If you are running too slow on the flats, while addressing the previous issues, raise your heart rate limit up 5 to 10 bpm to be able to run with good form.  Try this for  2 weeks, then re-evaluate, and adjust downwards as you improve. It’s kind of reverse MAF!
The bottom line is to use your monthly MAF test as your guide, if you are not improving, you need to change your strategy.
*Another alternative is switch to another sport such as cycling or swimming during your initial base building. Doing an alternate exercise for 2 to 4 weeks may get your aerobic metabolism up high enough to allow your to run at your MAF heart rate.

Frustrated Runner2) “Getting past the mindset that slower is better regardless how long it takes is very challenging!”

Maffetone training is so simple, but can be very frustrating at times. I think it is really important to remember that this method is for the long haul. The ultimate goal is for you to be a healthy and fit runner. By adopting a low carb diet and primarily training at a low heart rate, you can switch your metabolism from sugar craving to fat burning and dramatically reduce metabolic stress and inflammation. For some, this can happen very quickly, from 2 to 8 weeks, for others, it may take longer. To persevere, it takes mental toughness:
Mental Toughness definitionWhat this means to you, is just as Dr. Phil is against structured training plans, sometimes you need to reevaluate your methods and possibly adjust your MAF heart rate up some to get over a hump, rather than doggingly toughing it out. I’m all in favor of some variation as long as you are sticking to your ultimate goal. This is a life changing transformation, experiment with it, no two runners are alike.

Older Runner3) “Keeping my heart rate low because of my age!”

 I started my MAF journey at the age of 62. Staying under 118 bpm was a non-starter for me. I added 10 bpm so I could continue to run with good form. Now, a year and a half later, I do most of my runs at 116 – 122 bpm with good form. As I stated before, I believe maintaining good form while running is important. if you adjust your MAF heart rate upwards, it should only take 5 or 10 additional beats to get you moving more efficiently.

Group Run 4) “How socially isolating it is!”

For many of us, running with our friends is an important part of our runs. For me, it’s the only time I can connect with many of my friends. I suggest that if it is an important part of your life, go ahead and run with your group once a week.   Don’t make a big deal about going over your MAF heart rate. Yes, anytime you do an extended run above MAF, you are going to affect the progress of your development. But I would argue it off-sets the stress from abandoning your friends.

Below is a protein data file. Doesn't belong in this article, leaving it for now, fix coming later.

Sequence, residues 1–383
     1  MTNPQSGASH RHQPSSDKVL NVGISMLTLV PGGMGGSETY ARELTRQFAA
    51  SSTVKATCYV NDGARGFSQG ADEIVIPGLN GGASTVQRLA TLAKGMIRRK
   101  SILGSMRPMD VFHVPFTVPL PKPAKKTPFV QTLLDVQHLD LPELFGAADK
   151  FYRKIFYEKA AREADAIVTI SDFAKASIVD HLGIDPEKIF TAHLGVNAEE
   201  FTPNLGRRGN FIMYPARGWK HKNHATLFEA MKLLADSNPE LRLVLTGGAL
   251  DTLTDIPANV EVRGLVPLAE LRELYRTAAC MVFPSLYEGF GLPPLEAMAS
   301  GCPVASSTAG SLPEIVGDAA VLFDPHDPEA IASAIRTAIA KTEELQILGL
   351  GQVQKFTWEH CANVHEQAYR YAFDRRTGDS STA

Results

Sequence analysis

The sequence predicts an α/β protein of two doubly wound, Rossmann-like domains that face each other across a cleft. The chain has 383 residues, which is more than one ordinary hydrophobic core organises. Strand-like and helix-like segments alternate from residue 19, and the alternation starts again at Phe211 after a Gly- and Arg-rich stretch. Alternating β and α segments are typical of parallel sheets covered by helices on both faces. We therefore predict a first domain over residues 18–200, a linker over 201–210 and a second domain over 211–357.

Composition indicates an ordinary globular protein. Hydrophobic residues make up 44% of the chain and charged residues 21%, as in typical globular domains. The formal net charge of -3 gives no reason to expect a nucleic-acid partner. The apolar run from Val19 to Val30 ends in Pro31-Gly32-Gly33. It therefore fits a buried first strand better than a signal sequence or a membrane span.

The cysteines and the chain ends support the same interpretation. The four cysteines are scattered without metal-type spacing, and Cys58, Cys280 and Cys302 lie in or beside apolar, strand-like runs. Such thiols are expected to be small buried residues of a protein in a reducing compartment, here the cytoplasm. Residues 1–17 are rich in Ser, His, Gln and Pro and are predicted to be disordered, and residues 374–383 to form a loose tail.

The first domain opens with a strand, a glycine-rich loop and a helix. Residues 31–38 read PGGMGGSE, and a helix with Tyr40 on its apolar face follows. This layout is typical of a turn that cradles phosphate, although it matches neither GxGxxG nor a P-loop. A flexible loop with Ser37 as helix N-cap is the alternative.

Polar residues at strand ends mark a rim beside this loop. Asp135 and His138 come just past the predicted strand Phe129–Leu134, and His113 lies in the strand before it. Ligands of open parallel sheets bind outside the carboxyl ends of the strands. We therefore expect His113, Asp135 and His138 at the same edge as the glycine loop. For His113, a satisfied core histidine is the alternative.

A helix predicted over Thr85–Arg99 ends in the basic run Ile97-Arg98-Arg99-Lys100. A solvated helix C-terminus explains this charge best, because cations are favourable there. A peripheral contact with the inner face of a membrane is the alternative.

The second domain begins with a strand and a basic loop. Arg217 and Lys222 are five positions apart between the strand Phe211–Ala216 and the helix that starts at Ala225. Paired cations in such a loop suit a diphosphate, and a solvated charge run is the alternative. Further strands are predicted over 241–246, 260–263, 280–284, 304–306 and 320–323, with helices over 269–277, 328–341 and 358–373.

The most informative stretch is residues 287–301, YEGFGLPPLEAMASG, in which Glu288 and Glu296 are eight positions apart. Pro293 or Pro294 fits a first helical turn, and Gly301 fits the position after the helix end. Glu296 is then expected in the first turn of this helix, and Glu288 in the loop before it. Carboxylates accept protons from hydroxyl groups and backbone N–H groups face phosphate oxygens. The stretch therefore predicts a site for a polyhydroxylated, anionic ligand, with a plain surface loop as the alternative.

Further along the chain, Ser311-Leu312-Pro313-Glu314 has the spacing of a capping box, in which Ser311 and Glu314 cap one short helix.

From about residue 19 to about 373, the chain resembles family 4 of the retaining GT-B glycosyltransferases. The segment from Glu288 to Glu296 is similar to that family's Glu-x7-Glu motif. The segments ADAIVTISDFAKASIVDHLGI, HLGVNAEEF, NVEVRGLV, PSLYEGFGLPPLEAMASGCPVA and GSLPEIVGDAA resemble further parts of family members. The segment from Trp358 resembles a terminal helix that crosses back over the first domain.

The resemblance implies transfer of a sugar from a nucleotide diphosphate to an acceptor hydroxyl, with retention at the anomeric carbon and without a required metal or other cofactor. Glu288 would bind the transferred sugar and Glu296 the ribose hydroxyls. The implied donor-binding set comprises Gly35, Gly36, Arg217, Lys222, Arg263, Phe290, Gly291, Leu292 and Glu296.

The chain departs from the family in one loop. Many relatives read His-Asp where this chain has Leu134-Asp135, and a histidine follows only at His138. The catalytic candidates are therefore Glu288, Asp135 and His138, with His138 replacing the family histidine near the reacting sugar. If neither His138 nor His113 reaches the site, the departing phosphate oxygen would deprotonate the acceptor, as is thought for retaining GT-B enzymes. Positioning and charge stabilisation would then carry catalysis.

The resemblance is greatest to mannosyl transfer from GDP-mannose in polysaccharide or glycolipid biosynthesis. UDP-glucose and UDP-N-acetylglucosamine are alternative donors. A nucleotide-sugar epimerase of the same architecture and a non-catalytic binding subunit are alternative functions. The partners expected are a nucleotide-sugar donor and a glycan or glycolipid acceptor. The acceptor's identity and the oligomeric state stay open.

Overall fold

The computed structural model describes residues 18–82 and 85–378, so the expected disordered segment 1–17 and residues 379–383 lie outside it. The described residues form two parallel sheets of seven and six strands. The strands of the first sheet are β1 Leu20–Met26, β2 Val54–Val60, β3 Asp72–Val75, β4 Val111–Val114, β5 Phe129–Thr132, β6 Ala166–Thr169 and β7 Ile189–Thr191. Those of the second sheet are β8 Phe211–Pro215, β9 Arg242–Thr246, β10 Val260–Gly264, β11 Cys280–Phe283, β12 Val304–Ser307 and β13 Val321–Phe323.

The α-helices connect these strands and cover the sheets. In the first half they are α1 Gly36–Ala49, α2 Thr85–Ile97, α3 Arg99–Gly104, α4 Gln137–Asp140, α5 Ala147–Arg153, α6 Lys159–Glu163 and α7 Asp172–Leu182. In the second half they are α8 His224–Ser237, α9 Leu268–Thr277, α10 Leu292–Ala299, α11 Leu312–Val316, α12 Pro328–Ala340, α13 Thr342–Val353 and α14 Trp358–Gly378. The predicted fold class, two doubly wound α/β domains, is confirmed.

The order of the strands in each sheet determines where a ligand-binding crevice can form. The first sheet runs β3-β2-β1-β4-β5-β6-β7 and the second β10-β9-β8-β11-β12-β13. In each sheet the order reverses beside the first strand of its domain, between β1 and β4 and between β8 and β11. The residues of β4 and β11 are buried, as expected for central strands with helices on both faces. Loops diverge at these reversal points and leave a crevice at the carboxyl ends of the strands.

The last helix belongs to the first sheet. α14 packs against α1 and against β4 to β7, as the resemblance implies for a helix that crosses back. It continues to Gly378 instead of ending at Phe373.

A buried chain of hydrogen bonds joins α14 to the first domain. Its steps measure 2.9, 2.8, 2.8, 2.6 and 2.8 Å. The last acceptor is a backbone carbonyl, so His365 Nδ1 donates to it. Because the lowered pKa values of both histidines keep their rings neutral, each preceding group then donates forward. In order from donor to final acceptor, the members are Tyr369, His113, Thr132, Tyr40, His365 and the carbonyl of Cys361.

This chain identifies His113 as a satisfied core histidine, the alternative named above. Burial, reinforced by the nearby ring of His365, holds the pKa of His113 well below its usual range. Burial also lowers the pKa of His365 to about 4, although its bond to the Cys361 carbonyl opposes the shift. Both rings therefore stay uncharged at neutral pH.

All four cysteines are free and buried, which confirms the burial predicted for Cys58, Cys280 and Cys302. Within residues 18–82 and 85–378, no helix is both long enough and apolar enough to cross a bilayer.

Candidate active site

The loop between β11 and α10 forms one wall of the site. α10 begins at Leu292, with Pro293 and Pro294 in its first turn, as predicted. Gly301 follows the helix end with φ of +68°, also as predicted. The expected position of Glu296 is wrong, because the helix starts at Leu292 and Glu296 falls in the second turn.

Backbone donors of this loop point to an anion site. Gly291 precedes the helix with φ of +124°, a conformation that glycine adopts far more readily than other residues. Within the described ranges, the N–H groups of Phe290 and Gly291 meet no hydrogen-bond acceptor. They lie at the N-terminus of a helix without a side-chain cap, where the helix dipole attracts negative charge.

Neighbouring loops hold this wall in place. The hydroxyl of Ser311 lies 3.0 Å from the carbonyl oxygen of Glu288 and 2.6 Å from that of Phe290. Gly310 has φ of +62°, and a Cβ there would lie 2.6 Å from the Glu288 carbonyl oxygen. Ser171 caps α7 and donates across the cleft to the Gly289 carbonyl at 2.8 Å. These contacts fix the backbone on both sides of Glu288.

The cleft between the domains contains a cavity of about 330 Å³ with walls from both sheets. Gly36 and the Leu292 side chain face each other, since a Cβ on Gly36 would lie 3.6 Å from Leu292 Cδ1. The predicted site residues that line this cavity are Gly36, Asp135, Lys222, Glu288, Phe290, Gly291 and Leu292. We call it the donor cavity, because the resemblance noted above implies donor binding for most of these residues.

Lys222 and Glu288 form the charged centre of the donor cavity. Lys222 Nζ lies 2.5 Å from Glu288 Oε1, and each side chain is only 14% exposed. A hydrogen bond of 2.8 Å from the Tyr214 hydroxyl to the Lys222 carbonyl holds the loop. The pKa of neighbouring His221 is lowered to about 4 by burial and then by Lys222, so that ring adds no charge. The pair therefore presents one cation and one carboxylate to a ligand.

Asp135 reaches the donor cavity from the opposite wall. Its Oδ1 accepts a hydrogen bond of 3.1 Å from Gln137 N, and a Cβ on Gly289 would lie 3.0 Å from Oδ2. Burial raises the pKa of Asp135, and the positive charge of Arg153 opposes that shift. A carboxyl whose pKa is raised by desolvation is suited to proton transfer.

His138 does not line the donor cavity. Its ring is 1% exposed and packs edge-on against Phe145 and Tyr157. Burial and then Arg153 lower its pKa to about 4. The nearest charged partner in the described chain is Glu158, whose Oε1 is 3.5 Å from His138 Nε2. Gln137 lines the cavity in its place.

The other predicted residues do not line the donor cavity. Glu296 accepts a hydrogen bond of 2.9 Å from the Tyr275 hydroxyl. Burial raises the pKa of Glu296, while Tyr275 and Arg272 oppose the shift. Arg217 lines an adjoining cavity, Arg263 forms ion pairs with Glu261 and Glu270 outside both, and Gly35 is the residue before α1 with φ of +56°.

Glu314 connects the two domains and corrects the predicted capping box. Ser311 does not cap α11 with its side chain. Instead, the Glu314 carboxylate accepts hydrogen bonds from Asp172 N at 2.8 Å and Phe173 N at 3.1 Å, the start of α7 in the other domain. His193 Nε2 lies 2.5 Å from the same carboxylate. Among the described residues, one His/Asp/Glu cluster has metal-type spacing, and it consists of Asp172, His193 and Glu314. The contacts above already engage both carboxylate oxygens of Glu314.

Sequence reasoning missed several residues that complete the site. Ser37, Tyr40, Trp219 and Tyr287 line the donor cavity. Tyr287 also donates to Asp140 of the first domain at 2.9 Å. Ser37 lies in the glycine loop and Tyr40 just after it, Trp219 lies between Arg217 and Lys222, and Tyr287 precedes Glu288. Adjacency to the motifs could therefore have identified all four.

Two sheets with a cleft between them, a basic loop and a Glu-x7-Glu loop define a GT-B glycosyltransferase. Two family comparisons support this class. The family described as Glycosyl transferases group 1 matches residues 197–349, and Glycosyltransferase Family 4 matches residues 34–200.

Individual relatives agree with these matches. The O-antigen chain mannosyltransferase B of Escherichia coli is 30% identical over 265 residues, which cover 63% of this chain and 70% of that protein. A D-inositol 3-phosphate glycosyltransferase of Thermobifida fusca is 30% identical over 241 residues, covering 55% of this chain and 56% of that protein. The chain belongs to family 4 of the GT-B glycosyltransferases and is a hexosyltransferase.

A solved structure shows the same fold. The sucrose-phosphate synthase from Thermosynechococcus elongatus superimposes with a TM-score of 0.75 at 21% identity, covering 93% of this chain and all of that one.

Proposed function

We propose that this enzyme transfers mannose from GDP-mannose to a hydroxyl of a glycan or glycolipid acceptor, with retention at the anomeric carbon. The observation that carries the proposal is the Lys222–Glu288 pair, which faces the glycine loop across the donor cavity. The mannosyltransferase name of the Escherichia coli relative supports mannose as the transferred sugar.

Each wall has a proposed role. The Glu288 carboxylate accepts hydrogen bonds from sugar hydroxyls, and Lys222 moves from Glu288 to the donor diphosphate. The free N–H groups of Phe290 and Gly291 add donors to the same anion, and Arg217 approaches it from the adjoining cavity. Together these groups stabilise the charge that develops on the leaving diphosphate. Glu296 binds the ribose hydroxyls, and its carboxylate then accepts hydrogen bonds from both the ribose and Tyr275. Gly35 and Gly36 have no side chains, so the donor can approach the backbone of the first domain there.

Nervous runner5) “Not knowing if I will actually be able to run XX min. per mile come race day!”

 Switching from a life of preparing for races with tempo runs and intervals to just steady running is tough to adjust to. The bottom line, in a normal progression of MAF training, we don’t introduce speed work until your progress has plateaued. However, as I mentioned before, once or twice a week you can do aerobic intervals during your base building phase to rebuild those neuromuscular connections and build more speed.
But what about an upcoming race? In a normal training cycle, you should have a base building phase followed by mini cycles of intensity,tapering, competition, rest, aerobic rebuilding. I recommend taking the long view, that is, stick with the mini cycles during your competition season, then continue on with your aerobic base period. This can delay your development some, but after a couple of years, you’ll be a beast for life!

Web header Run Like a Kid Again

I was a high carb, pavement pounding marathoner for years. When I turned 50, I had a heart attack and found trail running and ultramarathons. Now, 12 years later, by following the Maffetone method,  I have more bounce in my step and more energy. I’ve re-discovered the joy of running again and I’m on a mission to share my experience with other older runners.
If you want some help with your challenges with the Maffetone method. Click the link below to schedule a Free, no obligation coaching call.

Click to Schedule a Call

Save

Save

Save

Save

Save

Save

Save

Save

Save

Save

Save

Save

Save

Save

Save

Save

About The Author

sherpaherb

Sherpaherb: Forever Runner Coach, Helping Older Runners Eliminate Hidden Chronic Stress so they can Run Like A Kid Again! Click to Schedule a Free Coaching Call

Comments